CatchMark partnership buys East Texas timberlands for $1.39b
CatchMark Timber Trust, Inc., has agreed to acquire 1.1 million acres of East Texas timberlands for approximately $1.39 billion in a joint venture with a consortium of institutional investors, including BTG Pactual Timberland Investment Group, Highland Capital Management, Medley Management Inc., and a major Canadian institutional investor.
The property is being sold by Campbell Global, on behalf of the institutional owners of the property, in a transaction expected to be completed within 45 to 60 days, subject to customary closing conditions.
For an investment of up to $227.5 million, CatchMark will more than triple the number of acres under its control and management to approximately 1.6 million acres. This innovative transaction fits CatchMark’s profile for acquiring interests in properties that can provide durable growth for its stockholders:
- The highly productive timberlands have an attractive site index and feature a rapidly accelerating inventory profile, projected to grow from the current 2.8 million tons of annual harvest volume to more than 5 million tons by 2028.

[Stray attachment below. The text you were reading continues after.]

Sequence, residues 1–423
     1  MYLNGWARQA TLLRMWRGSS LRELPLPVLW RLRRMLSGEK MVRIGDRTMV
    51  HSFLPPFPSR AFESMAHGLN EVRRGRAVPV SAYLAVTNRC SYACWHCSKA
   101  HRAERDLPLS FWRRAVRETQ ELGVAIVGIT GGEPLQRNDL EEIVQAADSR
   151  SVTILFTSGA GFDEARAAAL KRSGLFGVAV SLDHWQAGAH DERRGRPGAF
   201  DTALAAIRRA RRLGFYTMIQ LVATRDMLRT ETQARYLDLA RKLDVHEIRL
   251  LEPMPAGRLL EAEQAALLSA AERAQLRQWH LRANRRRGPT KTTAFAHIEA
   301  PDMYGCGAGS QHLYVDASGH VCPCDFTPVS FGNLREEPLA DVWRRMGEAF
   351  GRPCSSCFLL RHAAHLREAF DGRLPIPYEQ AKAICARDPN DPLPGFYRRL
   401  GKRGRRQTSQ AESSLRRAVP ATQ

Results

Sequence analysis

- The joint venture will assume existing long-term sawtimber and pulpwood supply agreements with Georgia-Pacific and International Paper, which run through 2029 and 2027, respectively. International Paper has an option to extend its agreement until 2032.
- The timberlands are located near top-quartile mills and within approximately 100 miles of three of the top five U.S. homebuilding markets: Austin, Dallas and Houston. These markets provide strong, growing and compelling demand fundamentals.
The acquisition is one of the largest U.S. timberland transactions since the 2007 sale of 1.55 million acres (including this asset together with other timberlands in Louisiana, Alabama and Georgia) by Temple-Inland to the current owner for $2.4 billion, the sale of TimberStar properties in 2008 for $1.9 billion, and the sale of 1.88 million acres by Forest Capital Partners in 2012 for an undisclosed price.